Camden-based labor and employment attorney Christine O’Hearn is President Biden’s third nominee to the District of New Jersey, a short-staffed court with a number of vacancies that need filling.
Born on June 26, 1969 in Camden, New Jersey, Christine P. O’Hearn received a B.A. from the University of Delaware in 1990 and a J.D. cum laude from Temple University School of Law in 1993. O’Hearn has been at the firm of Brown & Connery since her graduation, and currently works as a Partner in their Labor and Employment and Litigation groups.
History of the Seat
The seat O’Hearn has been nominated for opened on November 2, 2018, with Judge Robert Kugler’s move to senior status. Due to a dispute over nominees between New Jersey Senators Robert Menendez and Cory Booker and the Trump Administration, no nominee to fill a district court vacancy in New Jersey was put forward by Trump. O’Hearn was nominated to fill the vacancy on April 29, 2021.
O’Hearn has spent her entire career at Brown & Connery, where she worked primarily in labor and employment litigation, while also taking some cases involving negligence and professional liability matters. Among her notable matters, O’Hearn represented the parents of John Fiocco Jr., a student at the College of New Jersey who passed away and whose body was found in a Bucks County landfill, in a suit against the College and the State of New Jersey. The suit ended in a settlement for $425,000.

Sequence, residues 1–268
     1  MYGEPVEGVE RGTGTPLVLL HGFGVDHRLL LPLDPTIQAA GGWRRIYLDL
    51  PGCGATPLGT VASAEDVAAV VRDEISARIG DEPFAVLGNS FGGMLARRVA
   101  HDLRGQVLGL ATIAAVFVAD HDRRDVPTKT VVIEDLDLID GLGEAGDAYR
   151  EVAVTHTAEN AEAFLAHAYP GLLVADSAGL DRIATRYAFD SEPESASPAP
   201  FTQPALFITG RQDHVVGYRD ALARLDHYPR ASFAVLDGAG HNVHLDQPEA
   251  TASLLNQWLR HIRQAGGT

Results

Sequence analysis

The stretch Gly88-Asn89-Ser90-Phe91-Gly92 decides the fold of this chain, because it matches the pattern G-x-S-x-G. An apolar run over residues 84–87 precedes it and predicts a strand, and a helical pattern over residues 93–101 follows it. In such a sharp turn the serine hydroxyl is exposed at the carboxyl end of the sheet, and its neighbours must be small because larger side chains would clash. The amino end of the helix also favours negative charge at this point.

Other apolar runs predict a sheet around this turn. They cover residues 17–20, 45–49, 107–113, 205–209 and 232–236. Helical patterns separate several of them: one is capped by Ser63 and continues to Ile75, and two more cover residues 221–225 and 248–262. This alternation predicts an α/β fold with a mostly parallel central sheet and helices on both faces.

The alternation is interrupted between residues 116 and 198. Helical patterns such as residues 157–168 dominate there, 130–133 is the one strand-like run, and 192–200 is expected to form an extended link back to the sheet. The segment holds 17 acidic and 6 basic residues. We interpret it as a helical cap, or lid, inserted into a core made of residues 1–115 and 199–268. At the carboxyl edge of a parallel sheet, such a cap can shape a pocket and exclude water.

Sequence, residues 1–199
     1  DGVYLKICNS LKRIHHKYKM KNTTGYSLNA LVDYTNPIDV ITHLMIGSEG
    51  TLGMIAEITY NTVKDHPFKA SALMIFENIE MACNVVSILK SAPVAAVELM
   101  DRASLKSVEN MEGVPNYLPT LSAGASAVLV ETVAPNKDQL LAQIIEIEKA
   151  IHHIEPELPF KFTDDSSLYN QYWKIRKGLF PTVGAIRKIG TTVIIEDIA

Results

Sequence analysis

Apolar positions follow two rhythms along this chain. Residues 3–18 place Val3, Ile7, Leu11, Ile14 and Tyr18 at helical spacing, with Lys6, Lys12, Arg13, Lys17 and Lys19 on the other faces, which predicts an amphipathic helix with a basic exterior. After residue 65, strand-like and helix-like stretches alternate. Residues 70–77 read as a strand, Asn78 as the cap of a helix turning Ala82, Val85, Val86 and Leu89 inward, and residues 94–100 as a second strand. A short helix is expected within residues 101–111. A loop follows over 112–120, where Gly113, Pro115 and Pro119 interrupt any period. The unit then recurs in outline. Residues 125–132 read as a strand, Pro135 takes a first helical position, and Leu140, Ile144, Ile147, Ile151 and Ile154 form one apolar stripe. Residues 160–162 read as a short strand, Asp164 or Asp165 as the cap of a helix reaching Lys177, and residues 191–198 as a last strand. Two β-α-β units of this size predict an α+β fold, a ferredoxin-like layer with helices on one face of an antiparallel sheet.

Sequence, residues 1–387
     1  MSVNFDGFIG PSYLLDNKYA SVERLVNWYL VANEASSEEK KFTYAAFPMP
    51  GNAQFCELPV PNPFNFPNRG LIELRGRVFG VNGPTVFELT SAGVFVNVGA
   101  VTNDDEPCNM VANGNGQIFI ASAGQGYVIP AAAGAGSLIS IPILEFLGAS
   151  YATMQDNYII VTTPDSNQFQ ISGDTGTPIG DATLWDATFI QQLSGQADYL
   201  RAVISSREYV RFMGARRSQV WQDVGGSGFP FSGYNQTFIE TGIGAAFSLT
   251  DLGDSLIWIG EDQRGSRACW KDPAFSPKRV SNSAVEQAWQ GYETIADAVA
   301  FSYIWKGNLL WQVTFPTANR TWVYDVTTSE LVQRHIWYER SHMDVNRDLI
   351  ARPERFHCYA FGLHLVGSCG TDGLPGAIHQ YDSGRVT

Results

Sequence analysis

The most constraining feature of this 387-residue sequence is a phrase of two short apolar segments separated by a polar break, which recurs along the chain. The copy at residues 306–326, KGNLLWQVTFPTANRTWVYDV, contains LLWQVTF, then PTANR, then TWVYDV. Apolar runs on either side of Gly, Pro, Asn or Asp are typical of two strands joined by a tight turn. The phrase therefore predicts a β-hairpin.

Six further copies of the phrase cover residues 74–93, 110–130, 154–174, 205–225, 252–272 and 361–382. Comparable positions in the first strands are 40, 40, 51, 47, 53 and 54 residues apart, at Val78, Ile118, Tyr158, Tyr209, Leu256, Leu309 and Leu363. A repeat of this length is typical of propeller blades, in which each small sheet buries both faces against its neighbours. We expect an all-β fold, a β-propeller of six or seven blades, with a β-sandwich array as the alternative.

On the employment side, O’Hearn generally represented employers in suits brought by employees. For example, O’Hearn defended against a suit brought by former Gloucester County Sheriff Sharon Illas, who alleged that she had been sexually assaulted by one of her supervisors. The suit concluded in a settlement, which included a statement by Illas retracting the allegation and clearing the County of any wrongdoing. In a media statement, O’Hearn described the lawsuit as “the most frivolous case I have encountered.” O’Hearn also noted that “[a]llegations of sexual assault which are knowingly false cause irreparable harm to the accused…A letter of apology does not erase that damage.”
O’Hearn has a few political contributions to her name, all to Democrats, including Menendez and former Rep. Rob Andrews.
As a private practice attorney with plenty of experience in federal practice, O’Hearn is a conventional, if a bit safe, choice for the federal bench. However, there is little in her experience or background that is likely to draw controversy, and she will likely receive bipartisan support on the way to confirmation.